• Automated dip coating: This method involves a machine slowly dipping the board into the conformal coating. It must be performed as slowly as possible as removing the board too quickly from the solvent increases the risk of streaks. This is because the solvent dries as soon as it meets the air. Dip coating also requires manufacturers to mask parts of the board, such as contacts. Thus, it can be tedious and time-consuming. 
  • Selective coating machine: Similar to automated dip coating, this is a machine-based technique. However, it’s far more efficient. In fact, it’s the most effective way of applying conformal coating. Although, it is also the most expensive method and it requires an experienced and skilled operator.  First, the operator programs the selective coating machine, configuring the amount/thickness of coating required as well as the areas to coat. The operator then runs the PCB through the machine, where a set of nozzles and valves applies the conformal coating. 
Flexible Robotic Conformal Coating Dispensing System

Flexible Robotic Conformal Coating Dispensing System

Regardless of which method you use, you must ensure that the PCB is clean and free from contaminants or debris. Additionally, the work area must also be clean, well-ventilated and contaminant-free. 

How Do You Remove Conformal Coating?

There are several reasons for wanting to remove conformal coating from a PCB. For instance, you might want to repair it, remove and replace components or trace reworking. Regardless of the reason, there are a few ways you can remove conformal coating. Depending on the type and thickness of the conformal coating, you can: 

  • Peel: This method works best for conformal coatings that consist of silicone or flexible material. The thickness of the coating is also important in determining how effectively you can utilize this technique. This method involves manually peeling the conformal coating from the PCB.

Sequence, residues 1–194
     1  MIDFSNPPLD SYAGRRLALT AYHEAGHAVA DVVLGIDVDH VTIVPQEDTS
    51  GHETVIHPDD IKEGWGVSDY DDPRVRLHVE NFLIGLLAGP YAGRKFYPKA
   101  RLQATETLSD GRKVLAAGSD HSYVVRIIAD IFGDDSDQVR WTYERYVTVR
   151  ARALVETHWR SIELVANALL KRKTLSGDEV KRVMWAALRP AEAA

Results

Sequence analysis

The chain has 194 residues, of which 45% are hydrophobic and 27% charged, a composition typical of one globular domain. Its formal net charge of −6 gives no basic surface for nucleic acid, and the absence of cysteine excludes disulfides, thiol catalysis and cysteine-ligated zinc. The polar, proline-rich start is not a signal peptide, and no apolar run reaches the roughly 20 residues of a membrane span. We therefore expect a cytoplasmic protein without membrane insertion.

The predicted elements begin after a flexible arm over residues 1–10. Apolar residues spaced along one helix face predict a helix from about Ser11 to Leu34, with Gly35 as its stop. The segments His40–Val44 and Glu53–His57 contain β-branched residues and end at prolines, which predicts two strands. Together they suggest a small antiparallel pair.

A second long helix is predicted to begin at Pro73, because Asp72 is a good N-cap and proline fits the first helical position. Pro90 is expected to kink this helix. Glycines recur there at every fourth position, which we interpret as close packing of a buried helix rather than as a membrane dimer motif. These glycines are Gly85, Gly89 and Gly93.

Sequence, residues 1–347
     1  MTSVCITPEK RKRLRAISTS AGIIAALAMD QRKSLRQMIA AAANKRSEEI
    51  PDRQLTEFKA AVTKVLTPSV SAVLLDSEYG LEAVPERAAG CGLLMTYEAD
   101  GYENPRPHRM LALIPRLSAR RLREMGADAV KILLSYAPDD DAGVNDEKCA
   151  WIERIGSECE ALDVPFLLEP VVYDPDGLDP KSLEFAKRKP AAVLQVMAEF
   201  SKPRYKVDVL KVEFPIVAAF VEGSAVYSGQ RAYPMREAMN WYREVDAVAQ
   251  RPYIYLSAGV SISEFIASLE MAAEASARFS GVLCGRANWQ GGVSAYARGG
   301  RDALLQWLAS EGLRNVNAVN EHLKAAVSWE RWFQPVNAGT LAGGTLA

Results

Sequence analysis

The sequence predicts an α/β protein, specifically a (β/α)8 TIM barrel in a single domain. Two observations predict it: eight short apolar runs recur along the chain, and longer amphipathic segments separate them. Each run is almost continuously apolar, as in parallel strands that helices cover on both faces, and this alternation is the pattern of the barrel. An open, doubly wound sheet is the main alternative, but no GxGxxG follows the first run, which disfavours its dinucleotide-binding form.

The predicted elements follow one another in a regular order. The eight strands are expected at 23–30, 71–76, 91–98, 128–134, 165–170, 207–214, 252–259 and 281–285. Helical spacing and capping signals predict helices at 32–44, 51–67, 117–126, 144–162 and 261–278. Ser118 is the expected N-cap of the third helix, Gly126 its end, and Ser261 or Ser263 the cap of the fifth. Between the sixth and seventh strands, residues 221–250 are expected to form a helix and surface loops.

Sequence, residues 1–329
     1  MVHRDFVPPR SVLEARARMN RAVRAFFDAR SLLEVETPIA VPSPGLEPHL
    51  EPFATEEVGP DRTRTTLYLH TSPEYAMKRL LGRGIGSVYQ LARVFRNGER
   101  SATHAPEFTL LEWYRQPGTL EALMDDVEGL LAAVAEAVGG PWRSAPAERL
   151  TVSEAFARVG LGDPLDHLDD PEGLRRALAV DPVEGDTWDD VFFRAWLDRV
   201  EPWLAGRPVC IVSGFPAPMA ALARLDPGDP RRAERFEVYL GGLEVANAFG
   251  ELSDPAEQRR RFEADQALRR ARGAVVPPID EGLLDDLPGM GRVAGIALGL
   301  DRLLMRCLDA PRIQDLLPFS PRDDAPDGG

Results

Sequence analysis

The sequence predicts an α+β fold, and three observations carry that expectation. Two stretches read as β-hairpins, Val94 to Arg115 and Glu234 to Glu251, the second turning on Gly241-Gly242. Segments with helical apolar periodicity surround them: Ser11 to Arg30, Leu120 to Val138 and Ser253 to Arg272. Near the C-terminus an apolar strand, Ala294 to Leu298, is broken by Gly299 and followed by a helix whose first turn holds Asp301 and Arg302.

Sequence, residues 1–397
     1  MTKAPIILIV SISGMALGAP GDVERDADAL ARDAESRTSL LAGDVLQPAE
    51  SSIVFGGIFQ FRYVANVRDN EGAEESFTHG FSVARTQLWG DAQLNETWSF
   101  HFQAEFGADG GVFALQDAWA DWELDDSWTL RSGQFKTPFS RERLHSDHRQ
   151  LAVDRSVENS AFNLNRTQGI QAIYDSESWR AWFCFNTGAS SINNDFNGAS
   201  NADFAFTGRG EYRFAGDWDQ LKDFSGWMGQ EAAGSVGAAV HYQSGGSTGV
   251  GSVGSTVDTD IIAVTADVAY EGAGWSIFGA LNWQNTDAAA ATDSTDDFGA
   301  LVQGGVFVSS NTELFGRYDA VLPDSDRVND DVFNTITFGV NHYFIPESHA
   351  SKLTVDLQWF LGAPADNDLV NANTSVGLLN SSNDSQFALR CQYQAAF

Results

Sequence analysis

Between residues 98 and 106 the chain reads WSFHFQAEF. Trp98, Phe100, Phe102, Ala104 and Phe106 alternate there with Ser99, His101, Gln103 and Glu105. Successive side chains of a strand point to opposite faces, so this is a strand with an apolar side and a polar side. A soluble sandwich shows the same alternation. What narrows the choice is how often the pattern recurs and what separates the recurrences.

• Using Solvents: This method involves using solvent to dissolve the conformal coating from the PCB. If you do decide to use a solvent, you must ensure that it is compatible with the conformal coating. Additionally, you should select a solvent that will not be corrosive or damaging to the components of the PCB. Regardless of how compatible the solvent is, some coatings require more time to remove than others. For instance, urethane and silicone-based coatings need to be soaked, while acrylic-based coatings can be removed with a wipe.
  • Grinding/Scraping: This technique involves abrasively rubbing the circuit. It’s most suited to harder conformal coatings like polyurethane and epoxy. You should only attempt grinding or scraping when all other methods have proved fruitless.
  • Thermal removal: This technique involves using an iron or an oven to essentially burn through the conformal coating. It’s best for PCBs that require re-working and can be applied to most conformal coating types.  
  • Microblasting: Involves the use of small, mildly abrasive, sharp bursts of air to remove coating. It’s ideal for the precise removal of conformal coating from small areas of the PCB. It works best for epoxy and Parylene-based coatings.